To increase value and compete in the market, Vietnamese coffee must have a brand.

Deep-processed coffee helps to increase value, but the proportion of processed products in exports is not much. Not to mention, our country exports mainly Robusta coffee (accounting for about 75.5% of the total coffee export value in 2022) but the price of this type is lower than the price of Arabica coffee.

We have not yet built a national brand for Vietnamese coffee. Therefore, for many years, even though Vietnam has been one of the top coffee-exporting countries in the world, the revenue is low.

“When export prices are low, enterprises will buy coffee from farmers at low prices as a result. In the end, it’s the farmer who suffers, ” Mr. Tue said.

As an enterprise with more than 80% of coffee exports being deep-processed products, Mr. Tue affirmed that the coffee processing technology of Vietnamese enterprises is very modern, not inferior to other countries in the world. However, adding more value to coffee requires the improvement of the quality and the national brand. 

“The national brand needs the support of relevant authorities. Enterprises cannot do it alone and it is also difficult to have enough financial resources to make a national brand for the product, ” he stressed.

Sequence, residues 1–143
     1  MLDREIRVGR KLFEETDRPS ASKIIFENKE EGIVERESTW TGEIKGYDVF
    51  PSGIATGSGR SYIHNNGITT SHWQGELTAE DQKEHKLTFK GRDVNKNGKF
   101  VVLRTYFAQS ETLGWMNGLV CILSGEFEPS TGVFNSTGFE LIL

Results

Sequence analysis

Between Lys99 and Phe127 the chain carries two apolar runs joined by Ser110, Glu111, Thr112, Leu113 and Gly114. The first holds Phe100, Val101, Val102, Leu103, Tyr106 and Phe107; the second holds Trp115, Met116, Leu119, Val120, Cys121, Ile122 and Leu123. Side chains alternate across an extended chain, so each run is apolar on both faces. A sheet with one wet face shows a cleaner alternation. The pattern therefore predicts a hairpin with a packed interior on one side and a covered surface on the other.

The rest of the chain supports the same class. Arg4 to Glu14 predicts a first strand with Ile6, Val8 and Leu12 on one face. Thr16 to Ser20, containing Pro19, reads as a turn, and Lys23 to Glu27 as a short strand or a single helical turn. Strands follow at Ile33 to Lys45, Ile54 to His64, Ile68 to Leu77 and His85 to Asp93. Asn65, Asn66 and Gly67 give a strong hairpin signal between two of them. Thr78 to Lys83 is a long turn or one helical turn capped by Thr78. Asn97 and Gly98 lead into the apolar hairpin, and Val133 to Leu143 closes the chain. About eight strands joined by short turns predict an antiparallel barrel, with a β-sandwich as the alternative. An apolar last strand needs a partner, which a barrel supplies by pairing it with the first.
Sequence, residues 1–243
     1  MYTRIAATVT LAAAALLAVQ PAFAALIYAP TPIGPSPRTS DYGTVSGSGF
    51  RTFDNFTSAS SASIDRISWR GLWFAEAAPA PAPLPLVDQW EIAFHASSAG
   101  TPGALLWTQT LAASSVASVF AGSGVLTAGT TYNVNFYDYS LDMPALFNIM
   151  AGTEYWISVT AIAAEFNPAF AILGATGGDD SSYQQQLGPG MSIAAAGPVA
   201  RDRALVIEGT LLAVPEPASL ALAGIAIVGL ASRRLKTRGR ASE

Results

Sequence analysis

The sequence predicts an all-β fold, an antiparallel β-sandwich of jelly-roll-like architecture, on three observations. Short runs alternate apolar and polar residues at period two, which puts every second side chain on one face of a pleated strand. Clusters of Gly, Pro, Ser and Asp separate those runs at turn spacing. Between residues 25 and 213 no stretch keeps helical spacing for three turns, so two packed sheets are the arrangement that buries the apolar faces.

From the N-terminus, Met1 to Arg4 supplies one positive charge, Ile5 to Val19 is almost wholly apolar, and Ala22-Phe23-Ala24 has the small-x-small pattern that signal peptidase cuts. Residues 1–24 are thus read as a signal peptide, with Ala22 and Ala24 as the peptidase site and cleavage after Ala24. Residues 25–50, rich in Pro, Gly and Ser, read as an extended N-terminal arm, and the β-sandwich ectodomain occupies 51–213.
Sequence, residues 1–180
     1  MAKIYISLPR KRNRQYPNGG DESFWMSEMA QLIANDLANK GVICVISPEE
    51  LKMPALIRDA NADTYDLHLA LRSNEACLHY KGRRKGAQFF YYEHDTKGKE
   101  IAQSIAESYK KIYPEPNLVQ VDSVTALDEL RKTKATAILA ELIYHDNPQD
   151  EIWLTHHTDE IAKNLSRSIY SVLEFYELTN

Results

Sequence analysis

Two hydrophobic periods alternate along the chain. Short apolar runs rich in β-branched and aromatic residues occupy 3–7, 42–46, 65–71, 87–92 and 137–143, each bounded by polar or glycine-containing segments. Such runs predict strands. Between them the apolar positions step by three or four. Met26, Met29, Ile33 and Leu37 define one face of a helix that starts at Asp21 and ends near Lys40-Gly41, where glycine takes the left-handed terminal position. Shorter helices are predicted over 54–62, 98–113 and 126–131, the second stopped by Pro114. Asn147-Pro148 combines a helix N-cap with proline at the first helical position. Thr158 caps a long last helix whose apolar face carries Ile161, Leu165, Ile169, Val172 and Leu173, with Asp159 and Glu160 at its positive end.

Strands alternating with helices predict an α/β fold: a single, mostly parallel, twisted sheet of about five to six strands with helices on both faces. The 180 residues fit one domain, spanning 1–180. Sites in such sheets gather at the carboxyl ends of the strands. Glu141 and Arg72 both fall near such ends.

Colombia exported nearly one million tons, earning 3.2 billion USD and ranking third in the world. Meanwhile, Vietnam exported 1.78 million tons, earning over 4.06 billion USD, which is 30% lower than Colombia’s export value. What makes Colombia’s coffee more valuable is the quality and national brand that the country has built.

At the seminar “Building a national brand for Vietnamese agricultural products” held by Thanh Nien Newspaper on April 6, Mr. Phan Minh Thong – General Director of Phuc Sinh Group – shared the story of successfully building the coffee brand Blue Son La. 

“After building the brand, the price of fresh coffee here has increased from 6,500 VND/kg up to 15,000 VND/kg, producing about 400,000 tons. For the first time, Son La farmers in the pandemic have bank deposits of up to 250 billion VND, ” he said. According to Mr. Thong, the price of Son La’s Arabica coffee is much higher than the domestic coffee of Vietnam today. 

Earlier, Mr. Le Minh Hoan, Minister of Agriculture and Rural Development, mentioned that Vietnam ranked second in coffee exports, but no brand has appeared in the top 10 of the most expensive coffee brands in the world.

According to him, the world considers coffee not just a drink. A lot of economic value from coffee trees such as honey from coffee flowers, fertilizer from coffee grounds; fabric dyes, fibers, shoes, etc can be made from coffee.

Regarding the coffee brand, the Minister emphasized that it is necessary to build a brand to compete with other countries. He expects enterprises to reposition when building a brand and tell the story of coffee to bring emotions to consumers./.